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Folio. Tinted lithographic half-title with 12 vignettes by Charles Parsons, printed by Endicott & Co. (dated 1862), title-page, 20 chromolithographic plates by Charles Parsons after van Lennep, printed by Endicott & Co. of New York; some foxing and occasional waterstain (protruding into some plates and title). Modern brown morocco-backed and preserving original brown pebbled gilt-stamped (depicting a desert oasis with 2 palm trees, a woman riding a camel, being led by a bearded man), cloth boards, gilt spine bands. RARE. First and only edition of this remarkable album containing 20 chromolithographic plates, one of the most ambitious color-plate books of the American Civil War period (1861-64). The production of this large format album with printed text and plates, was based on the writings and drawings of Henry J. van Lennep, a Missionary in Turkey who returned to the United States in 1861. The book contains an introduction wherein the author acknowledges the valuable contribution of Charles Parsons, of New York, and that of the publisher, Messrs. Endicott & Co., "who was patiently overcome the difficulties inherent, especially in this country [referring to the war], to a work of such magnitude and novelty" The author states, "The sketches are all portraits, and every picture has been drawn directly from nature." / "The one really big chromolithographic book of this decade . . . the art is simple, but [Charles] Parson's hand is obvious in the good lithography, and Endicott's printing is well done for its time" -- McGrath. / "Endicott achieved a rich variety of color which demonstrated the increased technical ability of American printers in the medium" -- Reese. / The large chromolithographic plates feature colorful scenes of men or women in costumes common to their tribe or race, as found in and around the Ottoman Empire and Asia Minor. The plates include six scenes of Armenian peoples, five scenes with Turkish persons, two scenes of Jewish people (one is a wedding) in the Ottoman Empire, one Russian (Circassian) to the north. Included are plates of (1) Turkish and Armenian Ladies (abroad); (2) A Turkish Effendi; (3) Armenian Lady (at home); (4) Turkish Scribe; (5) Turkish Lady of Rank (at home); (6) Turkish Cavass (police officer); (7) Turkish Lady (unveiled); (8) Armenian Piper; (9) Armenian Ladies (at home); (10) Armenian Marriage Procession; (11) Armenian Bride; (12) Albanian Guard; (13) Armenian Peasant Woman; (14) Bagdad Merchant (travelling); (15) Jewish Marriage; (16) Jewish Merchant; (17) Gypsy Fortune Telling; (18) Bandit Chief; (19) Circassian Warrior; (20) Druse Girl. / Henry J. Van Lennep (1815-1889), born in Smyrna (present-day Izmir, Turkey) Turkey, the son of European merchants. In 1830 he was sent to the United States for his education, which he undertook in Massachusetts. " He prepared for college at Mount Pleasant Institute, Amherst, Mass., and Hartford (Conn.) Grammar School. After graduating from Amherst College in 1837, he attended Andover Theological Seminary for one year, then studied with Rev. Joel Hawes in Hartford and was ordained a Congregational minister in 1839." He returned to Turkey in 1840 to serve as a Missionary. There is remained for twenty-nine years. During this time he wrote of his experiences, made numerous drawings and oil paintings. Returning to the United States in 1861, he turned his drawings of Middle Eastern life into this Oriental Album. "Van Lennep was proficient in numerous languages and was also a skillful artist, sketching (in pencil or pen and ink) scenes from his extensive travels. Many of his drawings appeared in published works, which include The Oriental Album: Twenty Illustrations, in Oil Colors, of the People and Scenery of Turkey, with an Explanatory and Descriptive Text (1862); Travels in Little-known Parts of Asia Minor: with Illustrations of Biblical Literature and Researches in Archaeology (1870); and Bible Lands: their Modern Customs and Manners Illustrative of Scripture (1875). He also executed several drawings for Professor Edward Hitchcock, including his Geology of Massachusetts (1841) and Illustrations of Surface Geology (1860)." / "Van Lennep was married three times: to Emma L. Bliss (1839-40), Mary E. Hawes (1843-44), and Emily Ann Bird (1850-?). He had six children. Van Lennep died in Great Barrington, Mass., in 1889." -- Amherst College Archives and Special Collections (where his drawings are located). PROVENANCE: The estate of Susan J. Lyman. REFERENCES: Atabey 1274; Bennett, p.108; Blackmer Catalogue 1715; Blackmer Sale 1500; DAB XIX, 200; McGrath, pp.38, 115, 162; Reese, Stamped with a National Character , New York, Grolier Club, (1999), 97. See: Lester I. Vogel, To See A Promised Land: Americans and the Holy Land in the Nineteenth Century, Pennsylvania State University Press, (1993), p. 105; Priscilla Mary Isin, Bountiful Empire: A History of Ottoman Cuisine, Reaktion Books, 2018. First Edition.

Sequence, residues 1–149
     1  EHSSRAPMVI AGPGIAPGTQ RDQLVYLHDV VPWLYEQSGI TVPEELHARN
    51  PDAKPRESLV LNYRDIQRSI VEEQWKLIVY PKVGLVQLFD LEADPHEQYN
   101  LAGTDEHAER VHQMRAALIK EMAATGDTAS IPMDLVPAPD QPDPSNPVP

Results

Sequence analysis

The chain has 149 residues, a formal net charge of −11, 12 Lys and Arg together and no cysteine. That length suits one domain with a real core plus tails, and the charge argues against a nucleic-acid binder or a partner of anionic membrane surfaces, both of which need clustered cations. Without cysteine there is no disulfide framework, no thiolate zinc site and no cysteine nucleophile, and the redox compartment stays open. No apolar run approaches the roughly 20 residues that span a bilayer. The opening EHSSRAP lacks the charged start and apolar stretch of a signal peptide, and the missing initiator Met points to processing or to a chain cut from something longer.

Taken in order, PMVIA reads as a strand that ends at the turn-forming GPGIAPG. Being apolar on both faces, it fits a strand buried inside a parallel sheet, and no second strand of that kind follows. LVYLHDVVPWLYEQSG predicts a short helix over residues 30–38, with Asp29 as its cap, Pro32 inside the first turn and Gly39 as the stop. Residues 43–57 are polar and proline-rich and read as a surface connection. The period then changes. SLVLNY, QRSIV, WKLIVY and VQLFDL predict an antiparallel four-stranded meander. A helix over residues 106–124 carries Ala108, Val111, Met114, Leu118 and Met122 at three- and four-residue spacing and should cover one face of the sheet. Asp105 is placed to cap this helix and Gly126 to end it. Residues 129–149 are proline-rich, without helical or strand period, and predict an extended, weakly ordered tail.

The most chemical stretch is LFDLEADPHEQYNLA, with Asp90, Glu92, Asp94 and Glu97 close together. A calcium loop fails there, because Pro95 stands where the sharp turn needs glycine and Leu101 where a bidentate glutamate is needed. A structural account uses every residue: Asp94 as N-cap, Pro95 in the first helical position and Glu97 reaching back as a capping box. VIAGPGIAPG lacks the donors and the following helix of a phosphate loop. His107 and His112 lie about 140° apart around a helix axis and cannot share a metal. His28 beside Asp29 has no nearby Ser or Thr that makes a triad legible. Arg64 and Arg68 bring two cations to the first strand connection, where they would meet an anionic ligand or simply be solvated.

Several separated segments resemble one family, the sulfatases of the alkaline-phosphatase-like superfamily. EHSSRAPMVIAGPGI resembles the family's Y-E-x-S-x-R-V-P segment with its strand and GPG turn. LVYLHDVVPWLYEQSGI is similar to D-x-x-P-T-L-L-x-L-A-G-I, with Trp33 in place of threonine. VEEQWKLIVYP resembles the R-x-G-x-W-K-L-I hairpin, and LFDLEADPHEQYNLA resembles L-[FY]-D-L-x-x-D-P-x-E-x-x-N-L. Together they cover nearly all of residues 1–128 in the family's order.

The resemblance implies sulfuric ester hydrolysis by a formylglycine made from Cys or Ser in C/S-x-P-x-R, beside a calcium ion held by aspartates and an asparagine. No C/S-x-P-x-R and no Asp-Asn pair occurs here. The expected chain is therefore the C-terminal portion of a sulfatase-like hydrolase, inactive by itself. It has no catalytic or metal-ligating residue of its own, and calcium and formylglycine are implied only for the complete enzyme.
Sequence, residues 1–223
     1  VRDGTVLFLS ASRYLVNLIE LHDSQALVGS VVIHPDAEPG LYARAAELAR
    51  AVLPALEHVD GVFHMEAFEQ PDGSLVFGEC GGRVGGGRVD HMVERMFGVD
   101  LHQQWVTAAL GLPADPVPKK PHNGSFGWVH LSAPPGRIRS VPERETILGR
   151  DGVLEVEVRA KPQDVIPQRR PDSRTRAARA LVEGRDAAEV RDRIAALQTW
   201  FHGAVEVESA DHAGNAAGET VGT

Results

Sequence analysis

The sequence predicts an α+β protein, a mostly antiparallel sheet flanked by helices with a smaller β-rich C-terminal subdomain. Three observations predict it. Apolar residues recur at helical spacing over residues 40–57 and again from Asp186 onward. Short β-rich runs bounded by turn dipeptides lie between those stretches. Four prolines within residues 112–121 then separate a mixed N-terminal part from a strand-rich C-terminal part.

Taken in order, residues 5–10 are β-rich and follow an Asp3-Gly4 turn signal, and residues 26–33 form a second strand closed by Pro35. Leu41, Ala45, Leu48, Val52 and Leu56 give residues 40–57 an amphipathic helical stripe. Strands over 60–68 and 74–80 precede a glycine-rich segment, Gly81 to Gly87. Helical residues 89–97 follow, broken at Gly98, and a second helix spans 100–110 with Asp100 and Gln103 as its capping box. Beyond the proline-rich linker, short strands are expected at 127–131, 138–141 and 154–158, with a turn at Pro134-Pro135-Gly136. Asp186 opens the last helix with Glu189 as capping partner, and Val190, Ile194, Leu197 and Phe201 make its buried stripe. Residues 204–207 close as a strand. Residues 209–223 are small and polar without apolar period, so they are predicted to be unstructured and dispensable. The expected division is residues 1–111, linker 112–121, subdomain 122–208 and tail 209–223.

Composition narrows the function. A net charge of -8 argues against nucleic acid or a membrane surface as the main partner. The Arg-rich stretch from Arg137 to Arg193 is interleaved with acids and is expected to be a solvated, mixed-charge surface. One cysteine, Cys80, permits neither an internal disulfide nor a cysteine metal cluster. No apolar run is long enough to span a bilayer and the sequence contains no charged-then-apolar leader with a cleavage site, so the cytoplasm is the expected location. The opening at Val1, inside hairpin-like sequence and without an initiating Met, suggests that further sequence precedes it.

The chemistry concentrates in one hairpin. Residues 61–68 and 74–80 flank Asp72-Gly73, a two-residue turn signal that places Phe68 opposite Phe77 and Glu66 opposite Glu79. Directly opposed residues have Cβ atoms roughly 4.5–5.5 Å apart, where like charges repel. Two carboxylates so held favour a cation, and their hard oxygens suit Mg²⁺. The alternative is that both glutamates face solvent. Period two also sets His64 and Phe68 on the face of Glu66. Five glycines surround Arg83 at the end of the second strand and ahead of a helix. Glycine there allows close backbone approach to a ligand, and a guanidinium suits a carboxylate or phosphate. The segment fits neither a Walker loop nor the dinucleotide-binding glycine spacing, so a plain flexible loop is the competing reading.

Title: The Oriental Album: Twenty illustrations in oil colors of the people and scenery of Turkey, with an explanatory and descriptive text.
Location Published: New York:, Anson D. F. Randolph, 1862.: 1862
lbs: 2.00 lbs
Seller ID: MEE1078